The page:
Stuve-Bodeen, Stephanie 1965-

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STUVE-BODEEN, Stephanie 1965-


Born 1965, in WI; married Tim Bodeen; children: Bailey, Tanzie. Education: University of Wisconsin, River Falls, B.S. (secondary education); Spalding University, M.F.A. (writing).


Home 631 East Stonecreek Drive, La Center, WA 98629. E-mail [email protected]


Teacher and children's book author. Peace Corps volunteer, Tanzania, East Africa; has taught junior and senior high school.

Awards, Honors

Ezra Jack Keats New Writer Award, Minnesota Book Award, Charlotte Zolotow Award Highly Commended designation, Bank Street College Children's Book of the Year, and American Library Association Notable Book designation, all 1999, all for Elizabeti's Doll; Patterson Prize, Society of School Librarians International Honor Book designation, Bank Street College Outstanding Merit designation, and Parent's Choice Fiction Award, all 2001, all for Mama Elizabeti; Bank Street College Best Books of the Year designation, and named an Outstanding Achievement in Children's Literature, 2002, and Wisconsin State Library Association, 2004, both for Elizabeti's School; Parent's Choice Recommended designation, 2003, and African Studies Association Children's Africana Book Award, Pennsylvania Young Reader's Choice Award finalist, and Storyteller's World Award, all 2004, all for Babu's Song.


Elizabeti's Doll, illustrated by Christy Hale, Lee & Low (New York, NY), 1998.

We'll Paint the Octopus Red, illustrated by Pam De Vito, Woodbine House (Bethesda, MD), 1998.

Mama Elizabeti, illustrated by Christy Hale, Lee & Low (New York, NY), 2000.

Elizabeti's School, illustrated by Christy Hale, Lee & Low (New York, NY), 2002.

Babu's Song, illustrated by Aaron Boyd, Lee & Low (New York, NY), 2003.

The Best Worst Brother, Woodbine House, 2005.

A Small Brown Dog with a Wet Pink Nose, Little, Brown (Boston, MA), 2006.

Contributor to anthologies, including Memories of Sun: Stories of Africa and America, HarperCollins (New York, NY), 2004.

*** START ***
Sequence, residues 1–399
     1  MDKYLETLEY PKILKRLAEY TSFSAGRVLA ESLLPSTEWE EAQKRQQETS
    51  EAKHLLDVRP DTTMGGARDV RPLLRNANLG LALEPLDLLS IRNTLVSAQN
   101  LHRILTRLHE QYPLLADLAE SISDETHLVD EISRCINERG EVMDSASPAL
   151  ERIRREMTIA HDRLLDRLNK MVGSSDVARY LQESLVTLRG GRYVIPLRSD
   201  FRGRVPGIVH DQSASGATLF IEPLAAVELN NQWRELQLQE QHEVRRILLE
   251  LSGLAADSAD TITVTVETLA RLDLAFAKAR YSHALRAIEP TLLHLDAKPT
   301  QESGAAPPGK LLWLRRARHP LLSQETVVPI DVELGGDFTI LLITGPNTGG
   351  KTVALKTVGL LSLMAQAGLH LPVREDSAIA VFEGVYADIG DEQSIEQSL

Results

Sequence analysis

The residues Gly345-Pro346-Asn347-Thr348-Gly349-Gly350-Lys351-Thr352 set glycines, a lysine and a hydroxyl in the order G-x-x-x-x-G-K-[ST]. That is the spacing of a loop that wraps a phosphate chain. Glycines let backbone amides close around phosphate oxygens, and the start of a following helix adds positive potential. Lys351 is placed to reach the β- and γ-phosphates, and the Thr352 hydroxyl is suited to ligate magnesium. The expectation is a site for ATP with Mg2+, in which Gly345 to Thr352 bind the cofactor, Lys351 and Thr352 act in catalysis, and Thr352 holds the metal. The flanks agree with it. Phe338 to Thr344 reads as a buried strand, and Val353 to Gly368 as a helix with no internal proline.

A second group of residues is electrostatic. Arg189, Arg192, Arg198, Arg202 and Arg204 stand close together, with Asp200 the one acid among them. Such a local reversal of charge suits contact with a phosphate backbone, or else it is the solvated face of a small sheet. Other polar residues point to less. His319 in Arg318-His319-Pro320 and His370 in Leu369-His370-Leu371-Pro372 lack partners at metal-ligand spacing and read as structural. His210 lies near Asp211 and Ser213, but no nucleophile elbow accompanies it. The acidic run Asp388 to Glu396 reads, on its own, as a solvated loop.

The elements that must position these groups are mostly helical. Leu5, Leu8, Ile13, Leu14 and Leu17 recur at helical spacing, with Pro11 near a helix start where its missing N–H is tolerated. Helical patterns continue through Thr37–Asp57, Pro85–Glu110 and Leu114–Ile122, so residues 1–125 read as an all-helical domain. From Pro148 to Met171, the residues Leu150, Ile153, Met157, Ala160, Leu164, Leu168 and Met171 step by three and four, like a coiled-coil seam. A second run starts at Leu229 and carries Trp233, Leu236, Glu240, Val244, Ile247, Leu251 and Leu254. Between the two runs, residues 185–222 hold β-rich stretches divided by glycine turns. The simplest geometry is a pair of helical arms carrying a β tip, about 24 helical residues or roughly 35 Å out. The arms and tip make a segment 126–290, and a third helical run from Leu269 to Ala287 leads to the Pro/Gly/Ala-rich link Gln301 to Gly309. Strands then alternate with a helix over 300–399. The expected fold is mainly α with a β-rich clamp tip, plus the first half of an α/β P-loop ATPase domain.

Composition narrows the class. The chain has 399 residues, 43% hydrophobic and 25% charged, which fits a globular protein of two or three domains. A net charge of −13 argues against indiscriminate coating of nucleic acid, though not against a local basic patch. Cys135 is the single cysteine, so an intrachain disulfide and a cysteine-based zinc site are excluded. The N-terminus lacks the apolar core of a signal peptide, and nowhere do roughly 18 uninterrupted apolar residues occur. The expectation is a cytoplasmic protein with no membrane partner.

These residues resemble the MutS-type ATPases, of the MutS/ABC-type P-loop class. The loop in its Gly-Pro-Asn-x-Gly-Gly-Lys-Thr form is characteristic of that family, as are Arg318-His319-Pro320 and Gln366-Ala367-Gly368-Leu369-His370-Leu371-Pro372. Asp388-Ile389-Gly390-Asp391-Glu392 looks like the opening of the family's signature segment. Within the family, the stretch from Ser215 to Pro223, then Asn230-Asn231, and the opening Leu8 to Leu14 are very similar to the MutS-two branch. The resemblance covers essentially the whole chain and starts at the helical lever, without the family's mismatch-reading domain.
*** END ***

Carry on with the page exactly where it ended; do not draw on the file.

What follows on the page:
Author's works have been translated into Spanish.


Although Stephanie Stuve-Bodeen has always enjoyed writing, she did not begin to make it a career until after her children were born. Raised on a dairy farm in Wisconsin, Stuve-Bodeen went to Tanzania as a Peace Corps volunteer after graduating from the University of WisconsinRiver Falls. Her experiences in Africa inspired the setting and characters for her first picture book, Elizabeti's Doll, as well as a series of other books that follow Stuve-Bodeen's likeable young protagonist: Mama Elizabeti and Elizabeti's School. Elizabeti's Doll relates the story of a little girl's adjustment to the birth of a new baby brother, Obedi. Wanting a baby of her own to care for, Elizabeti finds a rock that becomes her doll. Naming the doll Eva, Elizabeti bathes and feeds it, and ends up saving Eva from the cooking fire where her older sister has inadvertently placed it. Elizabeti's Doll drew warm praise for its unpretentiousness and its sensitivity to Tanzanian culture. A reviewer for Publishers Weekly hailed it as an "impressive debut" enhanced by "well-balanced prose" and a fittingly gentle tone. In School Library Journal, Martha Topol called the book "a splendid celebration of life and the power of a child's imagination."

The idea for Elizabeti's Doll came from Stuve-Bodeen's experiences staying with a Tanzanian village family for a week during her Peace Corps stint. "I was in a mud hut with rats under my bed at night . . . ," she recalled to John Coyne for "I spent my days with the family's six kids and their entourage, who were extremely imaginative when it came to creating toys." Several years later, while at dinner with other former Peace Corps volunteers, one of Stuve-Bodeen's dining companions "mentioned a girl in her village with a rock for a doll. I remembered the same, and wrote the story at 3 a.m. the next day."